(Willie's talented son), give a real-deal urgency to this tragic love story. You get pulled into a force field, thanks to Cooper's behind-the-camera chops and Gaga's sound and fury. By the time the end credits roll, you realize that, in fact, two stars have been born."

Warner Bros. Pictures

• "Together, they form an electrifying duo in one of the best movies of 2018 and the finest musical since 2002's Chicago," USA Today's Brian Truitt writes. "The first hour of a A Star Is Born is especially satisfying, with Ally becoming a viral hit and each acting as the other's muse. But the downward spiral strikes like a dissonant chord: Jack struggles with alcoholism and hearing loss from tinnitus, while Ally quickly finds A-list fame as a mainstream pop star (she pretty much becomes Lady Gaga), disappointing musical purist Jack and driving a wedge between them. A Star Is Born, a no-brainer for a best picture nomination with strong Oscar contenders for best actor and actress, is most noteworthy for its two stars reborn. Stripped down and vulnerable, Gaga proves she's as much an acting powerhouse as she is a musical standout. Meanwhile, Cooper turns in his best performance ever as a growling, flawed superstar who's the beating heart of the film. (Plus, while Gaga is obviously a great singer, Cooper's brawny vocals are a revelation)."

• "With equal parts glitz and grit, Cooper has successfully navigated the most perilous shoals of making a classic narrative his own, managing to create one of its best iterations to date." The Washington Post's Ann Hornaday writes. "As a study in artifice and authenticity, A Star is Born offers a suitably jaundiced glimpse of starmaking machinery at its most cynical, but also its most thrilling and gratifying. In many ways, it's a paean to the frisson of discovering talent in its rawest, wildest state. And it's a reminder that self-preservation is crucial to stewarding that untamed force."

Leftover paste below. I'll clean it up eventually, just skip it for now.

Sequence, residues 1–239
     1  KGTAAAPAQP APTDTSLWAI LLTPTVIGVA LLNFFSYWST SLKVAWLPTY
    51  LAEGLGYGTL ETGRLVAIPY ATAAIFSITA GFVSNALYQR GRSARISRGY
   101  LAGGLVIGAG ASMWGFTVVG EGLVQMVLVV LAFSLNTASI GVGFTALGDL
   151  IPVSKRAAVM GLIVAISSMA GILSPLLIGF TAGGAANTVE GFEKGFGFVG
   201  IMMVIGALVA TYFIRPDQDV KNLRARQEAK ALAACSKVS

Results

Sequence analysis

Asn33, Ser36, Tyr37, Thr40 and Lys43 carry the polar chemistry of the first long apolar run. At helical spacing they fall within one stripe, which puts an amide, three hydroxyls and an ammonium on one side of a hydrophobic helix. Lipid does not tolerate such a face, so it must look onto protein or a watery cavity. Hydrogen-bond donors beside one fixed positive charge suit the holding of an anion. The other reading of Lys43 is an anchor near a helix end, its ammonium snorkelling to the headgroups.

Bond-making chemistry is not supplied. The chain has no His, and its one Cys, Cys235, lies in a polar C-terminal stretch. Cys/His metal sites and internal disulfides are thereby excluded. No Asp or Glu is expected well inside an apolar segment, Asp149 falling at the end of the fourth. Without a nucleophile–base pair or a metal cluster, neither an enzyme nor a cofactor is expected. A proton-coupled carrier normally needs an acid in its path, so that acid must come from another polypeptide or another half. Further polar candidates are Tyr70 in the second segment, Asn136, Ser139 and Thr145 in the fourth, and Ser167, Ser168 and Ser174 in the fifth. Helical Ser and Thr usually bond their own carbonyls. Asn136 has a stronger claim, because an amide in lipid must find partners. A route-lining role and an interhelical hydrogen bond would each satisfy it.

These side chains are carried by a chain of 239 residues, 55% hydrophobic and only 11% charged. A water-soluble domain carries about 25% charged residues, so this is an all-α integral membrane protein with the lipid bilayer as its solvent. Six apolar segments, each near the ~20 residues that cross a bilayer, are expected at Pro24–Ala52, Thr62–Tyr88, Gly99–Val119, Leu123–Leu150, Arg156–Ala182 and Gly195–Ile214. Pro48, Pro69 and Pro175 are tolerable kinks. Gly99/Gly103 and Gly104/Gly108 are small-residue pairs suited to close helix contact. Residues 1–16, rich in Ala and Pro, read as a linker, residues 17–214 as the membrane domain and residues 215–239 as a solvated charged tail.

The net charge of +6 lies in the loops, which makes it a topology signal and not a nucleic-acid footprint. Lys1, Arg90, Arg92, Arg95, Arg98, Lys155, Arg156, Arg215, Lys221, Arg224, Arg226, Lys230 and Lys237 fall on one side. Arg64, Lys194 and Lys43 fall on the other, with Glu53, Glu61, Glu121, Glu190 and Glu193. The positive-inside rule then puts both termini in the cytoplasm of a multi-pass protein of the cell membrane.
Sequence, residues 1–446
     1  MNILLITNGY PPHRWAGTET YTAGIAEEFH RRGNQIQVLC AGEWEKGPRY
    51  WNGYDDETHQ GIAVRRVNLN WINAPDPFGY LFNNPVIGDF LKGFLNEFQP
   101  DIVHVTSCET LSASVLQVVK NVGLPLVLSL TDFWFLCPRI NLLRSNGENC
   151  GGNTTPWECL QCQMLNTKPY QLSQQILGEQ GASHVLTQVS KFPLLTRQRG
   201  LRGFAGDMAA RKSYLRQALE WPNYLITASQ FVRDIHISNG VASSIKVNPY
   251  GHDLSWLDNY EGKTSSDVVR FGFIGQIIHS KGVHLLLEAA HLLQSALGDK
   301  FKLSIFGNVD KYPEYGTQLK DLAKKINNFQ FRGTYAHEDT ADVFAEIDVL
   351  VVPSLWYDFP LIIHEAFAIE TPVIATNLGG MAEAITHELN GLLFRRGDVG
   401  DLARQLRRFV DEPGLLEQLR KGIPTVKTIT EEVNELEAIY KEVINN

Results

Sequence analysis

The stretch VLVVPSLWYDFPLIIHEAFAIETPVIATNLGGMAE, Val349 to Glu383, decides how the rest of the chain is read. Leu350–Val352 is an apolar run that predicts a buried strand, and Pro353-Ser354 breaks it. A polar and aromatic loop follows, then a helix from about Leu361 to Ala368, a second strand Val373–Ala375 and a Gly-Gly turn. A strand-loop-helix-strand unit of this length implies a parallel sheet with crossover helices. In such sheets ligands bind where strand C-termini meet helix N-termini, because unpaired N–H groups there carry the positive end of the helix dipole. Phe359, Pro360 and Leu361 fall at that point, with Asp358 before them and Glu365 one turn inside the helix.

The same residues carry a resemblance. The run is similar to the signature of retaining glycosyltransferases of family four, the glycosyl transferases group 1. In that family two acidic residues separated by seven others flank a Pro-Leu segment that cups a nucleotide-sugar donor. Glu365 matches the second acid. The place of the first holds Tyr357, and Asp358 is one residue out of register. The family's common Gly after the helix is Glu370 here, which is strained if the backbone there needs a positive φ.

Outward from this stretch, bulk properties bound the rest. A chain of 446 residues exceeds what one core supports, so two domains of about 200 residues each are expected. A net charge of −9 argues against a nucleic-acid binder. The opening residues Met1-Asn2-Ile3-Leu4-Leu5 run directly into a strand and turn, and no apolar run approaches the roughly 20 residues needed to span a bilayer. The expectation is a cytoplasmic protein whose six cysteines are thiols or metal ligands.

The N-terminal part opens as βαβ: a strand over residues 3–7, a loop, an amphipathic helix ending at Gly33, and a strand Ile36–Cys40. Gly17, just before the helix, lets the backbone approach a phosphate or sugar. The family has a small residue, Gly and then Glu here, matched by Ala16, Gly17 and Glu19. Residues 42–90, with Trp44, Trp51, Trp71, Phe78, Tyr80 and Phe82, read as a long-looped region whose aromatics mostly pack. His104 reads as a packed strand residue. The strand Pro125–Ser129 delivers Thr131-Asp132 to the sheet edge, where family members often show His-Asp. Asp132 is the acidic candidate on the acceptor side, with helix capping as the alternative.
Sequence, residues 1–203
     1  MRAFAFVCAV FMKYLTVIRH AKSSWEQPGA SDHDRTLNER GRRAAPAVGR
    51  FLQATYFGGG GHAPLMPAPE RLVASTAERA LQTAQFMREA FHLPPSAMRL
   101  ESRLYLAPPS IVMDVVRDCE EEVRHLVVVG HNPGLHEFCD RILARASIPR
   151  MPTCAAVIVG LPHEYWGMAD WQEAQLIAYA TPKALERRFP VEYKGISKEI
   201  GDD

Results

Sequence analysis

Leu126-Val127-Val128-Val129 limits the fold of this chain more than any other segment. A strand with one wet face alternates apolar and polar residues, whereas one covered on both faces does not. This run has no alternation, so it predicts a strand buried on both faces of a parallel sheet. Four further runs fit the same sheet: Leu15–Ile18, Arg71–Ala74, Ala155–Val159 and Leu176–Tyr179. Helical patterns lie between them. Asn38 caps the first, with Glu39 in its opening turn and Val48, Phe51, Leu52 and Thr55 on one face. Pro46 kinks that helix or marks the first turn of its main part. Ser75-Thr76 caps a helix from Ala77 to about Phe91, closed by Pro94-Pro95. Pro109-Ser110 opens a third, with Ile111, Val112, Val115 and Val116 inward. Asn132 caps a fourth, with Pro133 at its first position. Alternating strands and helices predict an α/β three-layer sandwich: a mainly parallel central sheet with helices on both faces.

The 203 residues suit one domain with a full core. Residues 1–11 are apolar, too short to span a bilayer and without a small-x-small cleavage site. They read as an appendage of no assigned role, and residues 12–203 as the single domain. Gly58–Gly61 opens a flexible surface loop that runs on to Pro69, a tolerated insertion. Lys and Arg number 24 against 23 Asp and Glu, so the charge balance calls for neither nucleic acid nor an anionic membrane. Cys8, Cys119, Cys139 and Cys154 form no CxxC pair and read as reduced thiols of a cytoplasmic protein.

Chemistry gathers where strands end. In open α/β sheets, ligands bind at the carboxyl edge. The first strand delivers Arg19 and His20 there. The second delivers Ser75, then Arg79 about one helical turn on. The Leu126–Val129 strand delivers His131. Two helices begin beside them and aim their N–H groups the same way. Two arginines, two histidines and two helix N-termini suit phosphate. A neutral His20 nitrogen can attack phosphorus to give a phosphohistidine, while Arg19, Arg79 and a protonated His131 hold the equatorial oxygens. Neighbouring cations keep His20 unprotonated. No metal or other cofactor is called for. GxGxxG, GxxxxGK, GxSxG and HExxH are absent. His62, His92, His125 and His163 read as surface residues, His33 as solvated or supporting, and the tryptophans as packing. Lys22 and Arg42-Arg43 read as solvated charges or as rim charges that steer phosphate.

Warner Bros

• "This is A Star Is Born that takes the characters seriously, in their passions and pathologies, their addictions and ambitions. And in an age where Mamma Mia! and The Greatest Showman pass as hit musicals, it's an exciting reminder of what the genre can be," The Wrap writer Alonso Duralde says. "Cooper and Lady Gaga are dynamite together; this is a story that lives and dies by the central relationship and the instant chemistry that must blossom between them, and these two have it in spades."

• "The big question that's been hovering in the air for months is, Can Lady Gaga act? It's a ridiculous question. Singers often make fabulous actors. They're primed for it: All singing is acting. But what's surprising about Gaga is how charismatic she is without her usual extreme stage makeup, outlandish wigs and inventive costumes. It's such a pleasure to look at her face, unadorned, with that extraordinary, face-defining nose—it's like discovering a new country," Time's writer Stephanie Zacharek. She also claims Cooper "keeps the filmmaking straightforward and unvarnished."

"It's wonderful to see a first-time filmmaker who's more interested in effective storytelling than in impressing us; telling a story effectively is hard enough," she adds.